Cool weather brought on color fast in flames grown in California’s Coachella Valley and Mexico, sending heavy volumes of the red seedless grapes to market early in the deal in May.

“We picked 90% of it in six days, that’s how much color there was,” said Steve Root, president and chief executive officer of Coachella, Calif.-based East West Unlimited LLC, which started picking flames May 12.

“Normally you’re just scratching, color picking it,” he said. “We went in heavy.”

East West Unlimited expected to be done by the second or third week of June, but others in Coachella started later and could go up to about July 10, when the action shifts to places such as Arvin.

Castle Rock Vineyards, Delano, Calif., planned to ship from the Coachella region starting the first week of June.

Castle Rock planned to kick off the deal with flames, followed by sugraones, summer royals, thompsons and scarlett royals.

King Fresh Marketing LLC, Dinuba, Calif., expected to start shipping about June 20 from Coachella.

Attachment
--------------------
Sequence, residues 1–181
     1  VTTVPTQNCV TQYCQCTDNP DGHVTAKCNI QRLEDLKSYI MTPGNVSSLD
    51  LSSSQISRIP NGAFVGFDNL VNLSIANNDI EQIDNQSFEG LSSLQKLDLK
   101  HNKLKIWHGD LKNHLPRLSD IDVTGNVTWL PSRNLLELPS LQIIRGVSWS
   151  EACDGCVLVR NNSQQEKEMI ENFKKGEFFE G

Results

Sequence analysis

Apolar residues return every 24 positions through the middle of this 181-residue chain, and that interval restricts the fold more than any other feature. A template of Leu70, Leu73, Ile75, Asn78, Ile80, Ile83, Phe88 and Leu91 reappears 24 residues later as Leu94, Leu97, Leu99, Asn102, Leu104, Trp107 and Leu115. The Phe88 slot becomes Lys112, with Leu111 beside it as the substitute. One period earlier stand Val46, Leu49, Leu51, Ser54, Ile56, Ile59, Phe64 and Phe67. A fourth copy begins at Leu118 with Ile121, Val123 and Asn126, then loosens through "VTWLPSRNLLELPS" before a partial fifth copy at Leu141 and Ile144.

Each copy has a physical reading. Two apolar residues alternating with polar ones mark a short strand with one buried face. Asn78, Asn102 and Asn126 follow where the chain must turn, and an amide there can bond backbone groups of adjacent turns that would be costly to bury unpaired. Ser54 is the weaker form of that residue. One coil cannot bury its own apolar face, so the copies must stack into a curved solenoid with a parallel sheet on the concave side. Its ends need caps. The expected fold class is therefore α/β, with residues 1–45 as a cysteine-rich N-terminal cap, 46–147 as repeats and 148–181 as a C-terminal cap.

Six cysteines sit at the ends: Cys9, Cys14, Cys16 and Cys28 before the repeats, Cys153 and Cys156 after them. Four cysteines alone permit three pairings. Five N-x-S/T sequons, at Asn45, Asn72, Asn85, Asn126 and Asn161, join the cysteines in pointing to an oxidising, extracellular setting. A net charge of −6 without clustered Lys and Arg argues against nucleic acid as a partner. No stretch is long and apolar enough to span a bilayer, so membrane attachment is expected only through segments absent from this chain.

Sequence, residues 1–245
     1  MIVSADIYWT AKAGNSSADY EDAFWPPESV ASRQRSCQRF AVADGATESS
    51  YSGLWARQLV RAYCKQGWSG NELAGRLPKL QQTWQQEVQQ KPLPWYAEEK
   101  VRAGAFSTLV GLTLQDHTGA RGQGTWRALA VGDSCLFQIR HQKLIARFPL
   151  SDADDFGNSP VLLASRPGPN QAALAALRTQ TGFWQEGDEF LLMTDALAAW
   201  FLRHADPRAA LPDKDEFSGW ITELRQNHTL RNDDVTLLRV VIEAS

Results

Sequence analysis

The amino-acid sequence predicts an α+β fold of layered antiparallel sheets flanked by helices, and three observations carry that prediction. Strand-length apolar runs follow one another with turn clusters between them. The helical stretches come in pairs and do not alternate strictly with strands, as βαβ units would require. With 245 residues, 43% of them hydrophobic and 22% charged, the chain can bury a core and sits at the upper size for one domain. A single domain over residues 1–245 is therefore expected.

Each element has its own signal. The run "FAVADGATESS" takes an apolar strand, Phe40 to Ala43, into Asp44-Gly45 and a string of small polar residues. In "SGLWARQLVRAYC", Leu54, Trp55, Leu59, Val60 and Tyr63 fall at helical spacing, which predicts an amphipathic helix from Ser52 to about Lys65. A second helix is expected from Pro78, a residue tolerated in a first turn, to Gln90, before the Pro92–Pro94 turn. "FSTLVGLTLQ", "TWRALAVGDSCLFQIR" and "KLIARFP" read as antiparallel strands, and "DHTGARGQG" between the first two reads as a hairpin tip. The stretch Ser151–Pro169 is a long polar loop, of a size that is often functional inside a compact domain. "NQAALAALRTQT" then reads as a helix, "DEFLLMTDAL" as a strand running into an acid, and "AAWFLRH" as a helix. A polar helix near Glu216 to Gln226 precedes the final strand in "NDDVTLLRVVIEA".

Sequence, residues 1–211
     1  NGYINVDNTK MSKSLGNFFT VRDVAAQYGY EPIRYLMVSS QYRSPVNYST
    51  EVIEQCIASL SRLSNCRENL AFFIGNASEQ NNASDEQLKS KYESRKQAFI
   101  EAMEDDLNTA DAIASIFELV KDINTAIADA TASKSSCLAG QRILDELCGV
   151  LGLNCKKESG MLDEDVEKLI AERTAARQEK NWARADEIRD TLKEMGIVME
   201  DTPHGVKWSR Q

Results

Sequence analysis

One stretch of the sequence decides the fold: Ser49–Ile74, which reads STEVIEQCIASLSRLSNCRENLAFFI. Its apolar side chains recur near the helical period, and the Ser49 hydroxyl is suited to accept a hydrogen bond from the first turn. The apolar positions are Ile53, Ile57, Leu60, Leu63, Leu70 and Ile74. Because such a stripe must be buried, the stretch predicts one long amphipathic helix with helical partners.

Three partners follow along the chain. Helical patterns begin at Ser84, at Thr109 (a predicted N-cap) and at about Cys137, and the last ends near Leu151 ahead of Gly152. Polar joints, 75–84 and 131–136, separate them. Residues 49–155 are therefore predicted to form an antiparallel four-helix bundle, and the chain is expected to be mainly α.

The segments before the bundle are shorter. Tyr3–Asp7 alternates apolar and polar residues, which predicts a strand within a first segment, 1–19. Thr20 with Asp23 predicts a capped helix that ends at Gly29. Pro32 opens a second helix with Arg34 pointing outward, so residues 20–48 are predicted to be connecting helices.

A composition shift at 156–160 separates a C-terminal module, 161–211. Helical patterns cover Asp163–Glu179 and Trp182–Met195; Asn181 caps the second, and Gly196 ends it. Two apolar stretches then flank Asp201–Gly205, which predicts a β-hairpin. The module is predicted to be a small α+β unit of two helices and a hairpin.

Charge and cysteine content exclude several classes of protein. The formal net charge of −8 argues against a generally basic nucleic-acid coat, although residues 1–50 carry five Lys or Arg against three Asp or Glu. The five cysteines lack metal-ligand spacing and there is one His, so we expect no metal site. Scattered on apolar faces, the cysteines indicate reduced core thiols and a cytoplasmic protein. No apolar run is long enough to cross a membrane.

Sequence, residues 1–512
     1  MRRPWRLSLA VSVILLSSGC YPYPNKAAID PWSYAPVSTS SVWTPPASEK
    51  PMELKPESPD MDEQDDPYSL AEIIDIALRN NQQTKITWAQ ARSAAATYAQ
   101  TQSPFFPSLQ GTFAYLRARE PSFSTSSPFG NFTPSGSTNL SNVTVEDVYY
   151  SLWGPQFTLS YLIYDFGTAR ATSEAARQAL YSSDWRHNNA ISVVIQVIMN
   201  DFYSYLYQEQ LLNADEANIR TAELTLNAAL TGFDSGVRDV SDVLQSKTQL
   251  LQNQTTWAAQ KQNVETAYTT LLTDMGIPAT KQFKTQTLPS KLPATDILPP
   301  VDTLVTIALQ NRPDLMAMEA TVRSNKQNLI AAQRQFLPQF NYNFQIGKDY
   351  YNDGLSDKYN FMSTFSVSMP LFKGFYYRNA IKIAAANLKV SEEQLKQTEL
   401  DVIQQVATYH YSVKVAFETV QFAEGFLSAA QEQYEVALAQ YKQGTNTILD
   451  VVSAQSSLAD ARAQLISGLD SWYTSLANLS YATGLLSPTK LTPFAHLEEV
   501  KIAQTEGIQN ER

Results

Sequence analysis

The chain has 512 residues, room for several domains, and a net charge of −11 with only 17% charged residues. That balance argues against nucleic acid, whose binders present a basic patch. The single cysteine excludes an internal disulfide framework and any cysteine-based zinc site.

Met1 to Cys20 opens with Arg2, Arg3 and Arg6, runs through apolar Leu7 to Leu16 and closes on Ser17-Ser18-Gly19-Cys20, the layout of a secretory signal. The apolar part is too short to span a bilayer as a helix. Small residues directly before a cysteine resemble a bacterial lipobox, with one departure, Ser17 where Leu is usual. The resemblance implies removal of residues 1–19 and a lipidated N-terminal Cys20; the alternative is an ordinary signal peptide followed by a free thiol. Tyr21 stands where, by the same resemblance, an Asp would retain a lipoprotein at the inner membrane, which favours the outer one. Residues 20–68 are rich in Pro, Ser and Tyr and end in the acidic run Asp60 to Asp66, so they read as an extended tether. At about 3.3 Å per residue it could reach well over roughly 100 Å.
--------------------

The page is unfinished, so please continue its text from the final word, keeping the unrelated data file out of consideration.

“There’s been a glut of red grapes,” Root said.

“Mexico came on with the color real fast, too. They expected them a week or two later. The week before Memorial Day, they had 400,000 boxes of flames a day and the market wasn’t ready for it. Shippers didn’t have rooms in their coolers because of their watermelons, and they just dropped the price maybe $10 a box. It was down to $12 overnight.”

Coachella Valley growers typically produce 80,000 to 90,000 boxes a day of flames, Root said.

Size and color were excellent, he said. There just wasn’t a lot left over after the early flurry.

Rick Paul, table grapes category director for Sun World International LLC, Bakersfield, Calif., said downward price pressure from Mexico was not unusual.

Sun World markets grapes out of both regions.

“Mexico has a bigger influence,” Paul said.

“Twenty years ago, the supply situation was almost completely the opposite of what it is today. When I started, Coachella Valley was 16 million, 17 million boxes and Mexico was 4 million. Last year, Mexico was 17 million and Coachella, 6.6 million.”

Taken together, the Mexico deals in Hermosillo and Caborca parallel Coachella Valley’s to within a few days, running from early May to early July.

But the same weather that fanned flames put the brakes on green grapes.

“The superior seedless or sugraone variety is being harvested at a slower rate,” Paul said.

“That variety loves heat and without heat, it’s slow to develop sugar. The year-to-date pack of sugraone in Coachella Valley is higher this year, but that’s a factor of new production in early ranches, not a true comparison of the two years.”